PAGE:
Warm weather. Cold weather. We might prefer one or the other. Or we might not have a preference and love both.
The weather is different all around the world. Some countries have four seasons. Other parts of the world especially countries close to the equator don’t have four seasons and pretty much have a steady temperature all year round.
Hot or cold weather. Different climates, different temperatures.
For as long as I can remember, I never liked cold weather. Never like it when the temperature dips below 20’C (68’F) in Melbourne and any place really. Summer is my favourite season and a day 30’C (86’F) or over is something I love. When I lived in Singapore, I loved that each and every day was a tropical, humid balmy 26’C (78’F) or more.
Our birthday comes around once a year. Our birthday, that one day usually reminding us of another year gone by. Not all of us are keen on celebrating this so-called ‘special day‘.
I’m one of these people. Never have been keen on celebrating my birthday, which is coming up next week. Every year I try to keep this day as quiet as possible, going about the day as per normal and sort of forgetting that it’s my birthday.
When we speak of introverts, we often think of those who are quiet. There’s the common stereotype that if we’re Asian, we’re quiet and passive, and perhaps introverted too.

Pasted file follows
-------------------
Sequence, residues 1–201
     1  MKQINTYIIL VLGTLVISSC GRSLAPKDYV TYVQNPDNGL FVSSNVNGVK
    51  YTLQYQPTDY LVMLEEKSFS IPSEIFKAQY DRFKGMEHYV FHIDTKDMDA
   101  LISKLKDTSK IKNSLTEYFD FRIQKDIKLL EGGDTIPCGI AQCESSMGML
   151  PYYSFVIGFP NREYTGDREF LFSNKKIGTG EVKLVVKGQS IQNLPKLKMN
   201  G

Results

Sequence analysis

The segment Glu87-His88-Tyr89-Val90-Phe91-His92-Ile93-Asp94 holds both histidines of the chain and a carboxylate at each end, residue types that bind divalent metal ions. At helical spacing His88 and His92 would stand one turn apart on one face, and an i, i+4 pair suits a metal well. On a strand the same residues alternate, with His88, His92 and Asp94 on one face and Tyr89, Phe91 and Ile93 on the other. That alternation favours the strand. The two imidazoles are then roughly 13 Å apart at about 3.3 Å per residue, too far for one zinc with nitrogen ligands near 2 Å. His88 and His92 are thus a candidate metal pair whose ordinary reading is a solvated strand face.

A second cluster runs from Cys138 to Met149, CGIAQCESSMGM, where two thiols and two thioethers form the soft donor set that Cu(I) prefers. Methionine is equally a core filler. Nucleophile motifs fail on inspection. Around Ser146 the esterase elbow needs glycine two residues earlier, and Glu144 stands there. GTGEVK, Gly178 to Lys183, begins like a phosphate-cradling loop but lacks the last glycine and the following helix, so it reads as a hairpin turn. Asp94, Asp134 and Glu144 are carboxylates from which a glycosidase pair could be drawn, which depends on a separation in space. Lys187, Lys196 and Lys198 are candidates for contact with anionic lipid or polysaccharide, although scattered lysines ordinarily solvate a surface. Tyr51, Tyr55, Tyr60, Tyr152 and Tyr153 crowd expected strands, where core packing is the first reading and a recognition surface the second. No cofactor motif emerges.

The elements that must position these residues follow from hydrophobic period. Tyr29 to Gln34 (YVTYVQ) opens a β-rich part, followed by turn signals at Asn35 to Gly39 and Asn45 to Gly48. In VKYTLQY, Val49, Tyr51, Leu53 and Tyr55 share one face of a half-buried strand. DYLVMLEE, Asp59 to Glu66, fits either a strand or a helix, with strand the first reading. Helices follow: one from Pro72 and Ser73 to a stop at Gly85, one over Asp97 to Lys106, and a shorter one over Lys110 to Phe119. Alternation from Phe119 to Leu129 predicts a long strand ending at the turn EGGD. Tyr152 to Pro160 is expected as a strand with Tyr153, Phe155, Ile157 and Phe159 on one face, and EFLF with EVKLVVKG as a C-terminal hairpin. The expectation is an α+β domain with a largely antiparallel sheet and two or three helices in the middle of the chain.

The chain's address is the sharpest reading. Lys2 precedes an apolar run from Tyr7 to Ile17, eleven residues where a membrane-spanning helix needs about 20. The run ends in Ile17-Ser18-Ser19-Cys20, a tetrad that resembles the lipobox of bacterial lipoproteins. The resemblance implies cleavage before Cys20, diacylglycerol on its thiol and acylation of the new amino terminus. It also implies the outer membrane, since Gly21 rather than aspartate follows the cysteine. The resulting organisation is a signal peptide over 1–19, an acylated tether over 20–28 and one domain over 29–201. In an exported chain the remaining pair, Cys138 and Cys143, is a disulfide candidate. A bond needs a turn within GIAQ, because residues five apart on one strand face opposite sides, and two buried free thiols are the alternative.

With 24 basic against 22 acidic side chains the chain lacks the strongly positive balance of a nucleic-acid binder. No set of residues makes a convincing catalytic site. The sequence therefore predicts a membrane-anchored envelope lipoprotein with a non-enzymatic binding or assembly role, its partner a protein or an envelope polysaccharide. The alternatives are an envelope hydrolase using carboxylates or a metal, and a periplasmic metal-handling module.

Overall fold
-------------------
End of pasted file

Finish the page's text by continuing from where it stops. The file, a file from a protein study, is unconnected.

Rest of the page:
I’ve been every bit the introvert my whole life. As a Chinese Australian who feels too Asian to be Australian and too Australian to be Asian, countless occasions I feel I don’t fit in – but ironically I love being on my own.
Art or science? That’s a choice we might have to make at some point in our lives, maybe when we’re deciding what to study. Or choosing our career. Or deciding on which passion path to take.
Art is commonly thought of as abstract work, work that doesn’t always follow particular patterns, work open to interpretation. Think the fields of writing, music, painting, photography. On the other hand, science is commonly associated with logic and grounded in rational thinking, Think the fields of astronomy, accounting, law, medicine.
We all have passions and dreams, which our parents might not always agree with. In a stereotypical Asian family, artistic and creative dreams tend to be frowned upon, and we might have second thoughts about chasing them.
Writing is something I love. Seven year old me rushed home after school and wrote fictional adventure stories in my bedroom, and loved writing essays for English classes. These days after work, I write for this blog and work on my first book. But for as long as I can remember, my Chinese-Malaysian parents have never been keen on me spending time writing.
Swearing in Chinese culture is always a colourful affair. Some vulgar, curse words in both Chinese language and Cantonese dialect get straight to the point, while others are more subtle and rather hilarious.
When I was growing up, my parents threatened to slap my palm with a ruler if they heard me uttering a profanity in English (my first language), Chinese or Cantonese. Being the timid kid that I was, I never did. The years went by and today this is no longer true: I’m not anti-swearing and admittedly curse every now and then.
Swear words are said for certain reasons in certain situations at certain times. Quite a few of them in Chinese and Cantonese may seem confusing at first but breaking them down word by word, they translate into nothing really complicated and the meaning behind them is simple.